Whole grains such as brown rice, wheat, barley, quinoa and rye are essential components of a healthy menopause diet. With nutrients such as fiber and a broad pallet of B vitamins (thiamine, niacin, riboflavin and pantothenic acid), it is a useful addition to any woman’s diet, especially during menopause. Whole grains have been known to reduce the risk of cancer and heart disease, which are common complications among women during menopause, especially during the post-menopausal phase. They also decrease the risk of premature death.

Fruits and Vegetables

Fruits and vegetables are the cornerstone of any healthy diet plan and they play a major role in the body during menopause. Fruits and veggies contain vitamins, minerals, antioxidants and fiber, so you can choose fruits and veggies that please your taste buds.

Studies have found that consuming fruits and veggies can help to control symptoms such as hot flashes, sleep difficulties and depression. In particular, consuming cruciferous veggies, such as broccoli, has been found to protect against breast cancer. Dark berries have shown the ability to lower blood pressure.

Healthy Protein

Foods including eggs, meat, chicken, fish, legumes and dairy products are high in protein. Protein is usually deficient in menopausal women due to the decline in estrogen. A high intake of protein helps to combat muscle loss, low bone density and other associated symptoms. Current guidelines recommend that women over the age of 50 consume 0.45 grams to 0.55 grams of protein per pound of body weight each day, which equates to about 20 grams to 25 grams of good quality protein per meal.

Healthy Fats

Healthy fats, including omega 3 fatty acids, may help to combat some symptoms of menopause including hot flashes and night sweats. Foods that are high in omega 3 fatty acids include fatty fish (salmon, anchovies, mackerel), as well as seeds (chia seeds, flax seeds, hemp seeds).


You need to stay hydrated at all times. Drinking water regularly has been known to combat symptoms such as dry skin, dry hair, vaginal dryness and headaches.

Phytoestrogen Foods

Phytoestrogens can be found in soybeans, peanuts, chickpeas, flax seeds, grapes, barley, berries, plums, and green and black tea. They act as weak estrogens in the body. While research has been conflicting about the addition of phytoestrogen containing foods in the diet, recent research suggests that they may have health benefits, particularly for menopausal women. Research has also shown that they may help to increase estrogen levels and decrease hot flashes.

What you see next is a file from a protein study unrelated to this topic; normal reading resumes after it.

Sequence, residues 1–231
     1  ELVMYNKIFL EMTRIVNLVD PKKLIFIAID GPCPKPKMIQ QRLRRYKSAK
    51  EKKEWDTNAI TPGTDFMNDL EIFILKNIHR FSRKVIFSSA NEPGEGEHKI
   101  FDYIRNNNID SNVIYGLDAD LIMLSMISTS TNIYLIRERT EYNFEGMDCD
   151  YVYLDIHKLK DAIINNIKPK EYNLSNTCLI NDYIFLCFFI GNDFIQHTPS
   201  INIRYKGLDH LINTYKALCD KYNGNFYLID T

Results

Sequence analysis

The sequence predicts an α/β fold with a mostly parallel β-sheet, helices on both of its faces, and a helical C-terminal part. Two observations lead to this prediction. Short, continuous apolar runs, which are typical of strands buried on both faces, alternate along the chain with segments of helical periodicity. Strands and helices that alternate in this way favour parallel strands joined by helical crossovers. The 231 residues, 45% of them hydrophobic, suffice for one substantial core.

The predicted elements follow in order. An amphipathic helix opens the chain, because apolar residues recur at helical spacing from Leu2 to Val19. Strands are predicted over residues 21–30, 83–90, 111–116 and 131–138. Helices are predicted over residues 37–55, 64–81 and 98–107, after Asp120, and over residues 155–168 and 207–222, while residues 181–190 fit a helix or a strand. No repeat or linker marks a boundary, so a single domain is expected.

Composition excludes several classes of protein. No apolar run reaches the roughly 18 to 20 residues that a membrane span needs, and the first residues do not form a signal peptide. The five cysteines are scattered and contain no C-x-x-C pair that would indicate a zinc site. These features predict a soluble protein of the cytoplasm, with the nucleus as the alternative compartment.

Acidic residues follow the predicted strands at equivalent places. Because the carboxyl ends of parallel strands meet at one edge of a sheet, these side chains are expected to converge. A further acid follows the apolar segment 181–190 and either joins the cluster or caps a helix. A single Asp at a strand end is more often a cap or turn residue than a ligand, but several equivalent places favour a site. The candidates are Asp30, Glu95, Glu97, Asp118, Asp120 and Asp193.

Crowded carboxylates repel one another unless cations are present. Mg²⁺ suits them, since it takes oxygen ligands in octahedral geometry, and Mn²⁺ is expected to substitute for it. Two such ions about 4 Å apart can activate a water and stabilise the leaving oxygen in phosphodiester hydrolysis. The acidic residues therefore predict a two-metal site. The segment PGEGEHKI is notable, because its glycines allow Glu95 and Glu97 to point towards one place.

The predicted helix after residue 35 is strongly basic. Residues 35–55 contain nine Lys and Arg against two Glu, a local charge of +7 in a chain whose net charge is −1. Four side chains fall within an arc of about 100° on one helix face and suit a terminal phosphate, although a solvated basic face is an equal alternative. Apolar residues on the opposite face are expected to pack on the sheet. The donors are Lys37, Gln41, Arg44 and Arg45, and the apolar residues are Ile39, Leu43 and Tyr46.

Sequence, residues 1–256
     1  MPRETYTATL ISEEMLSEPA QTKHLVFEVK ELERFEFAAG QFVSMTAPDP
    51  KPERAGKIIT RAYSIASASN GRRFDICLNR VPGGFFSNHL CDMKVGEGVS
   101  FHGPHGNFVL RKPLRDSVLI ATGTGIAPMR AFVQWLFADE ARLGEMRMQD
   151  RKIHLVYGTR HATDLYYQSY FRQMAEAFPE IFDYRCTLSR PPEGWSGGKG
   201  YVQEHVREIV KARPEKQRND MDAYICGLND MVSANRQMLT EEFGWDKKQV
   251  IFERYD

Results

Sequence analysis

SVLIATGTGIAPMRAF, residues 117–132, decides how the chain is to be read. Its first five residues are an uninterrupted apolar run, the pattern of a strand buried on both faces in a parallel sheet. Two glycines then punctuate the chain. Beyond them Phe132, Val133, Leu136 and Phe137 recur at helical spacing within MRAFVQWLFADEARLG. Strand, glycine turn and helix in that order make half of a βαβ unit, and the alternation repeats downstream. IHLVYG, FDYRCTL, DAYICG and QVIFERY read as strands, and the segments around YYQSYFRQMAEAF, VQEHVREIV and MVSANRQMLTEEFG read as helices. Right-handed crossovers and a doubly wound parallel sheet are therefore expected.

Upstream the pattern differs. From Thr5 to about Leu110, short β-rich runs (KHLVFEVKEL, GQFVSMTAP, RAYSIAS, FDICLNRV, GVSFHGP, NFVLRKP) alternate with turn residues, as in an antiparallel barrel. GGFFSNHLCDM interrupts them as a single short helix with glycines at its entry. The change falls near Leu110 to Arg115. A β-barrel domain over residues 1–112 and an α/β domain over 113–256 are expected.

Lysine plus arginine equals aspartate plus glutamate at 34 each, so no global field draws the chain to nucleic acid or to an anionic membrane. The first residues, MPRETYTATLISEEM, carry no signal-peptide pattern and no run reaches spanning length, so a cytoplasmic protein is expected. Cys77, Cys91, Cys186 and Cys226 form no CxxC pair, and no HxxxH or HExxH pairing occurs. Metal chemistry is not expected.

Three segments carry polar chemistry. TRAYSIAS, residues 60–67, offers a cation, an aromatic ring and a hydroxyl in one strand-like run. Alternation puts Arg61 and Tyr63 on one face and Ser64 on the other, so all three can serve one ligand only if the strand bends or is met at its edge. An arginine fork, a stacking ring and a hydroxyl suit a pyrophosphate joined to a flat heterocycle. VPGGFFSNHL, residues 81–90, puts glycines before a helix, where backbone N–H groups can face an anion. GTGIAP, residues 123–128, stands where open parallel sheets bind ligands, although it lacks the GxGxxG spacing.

Foods to Avoid During Menopause

While there are foods that can help with symptoms, there are also foods that can trigger symptoms. Here are some foods to be aware of.

High-fat Foods

As opposed to healthy fats, such as omega 3 fatty acids found in fatty fish, high-fat foods raise the body’s cholesterol level and increase the chance of heart disease. High-fat food should equate to 25% or less of your daily calorie consumption; anything more than 35% can be hazardous.

Salt and Sugar

Total abstinence from salt and sugar is not necessary, but a reduction of intake is beneficial. Salt and sugar have high levels of sodium and excessive sodium intake has been linked to high blood pressure; when coupled with menopause, the risk is doubled during this stage of your life.

Alcohol and Caffeine

Alcohol and caffeine are known to disrupt the body's general metabolism and sleep patterns. One major symptom of menopause is disturbed sleep, therefore a high consumption of caffeine and alcohol can escalate disruptions in your sleeping patterns. Alcohol has also been known to trigger hot flashes in women during menopause.

In Conclusion

Menopause affects women in different ways, resulting in differing signs and symptoms. Consume a healthy and balanced diet that includes dairy products, whole grains, fruits and veggies, healthy proteins and fats, as well as adequate water and avoid foods that are high in fat, salt and sugar. Make sure to also minimize your alcohol and caffeine consumption, as this can go a long way to managing your menopause symptoms and minimizing your risk of complications, making this transitional period in your life as comfortable as possible.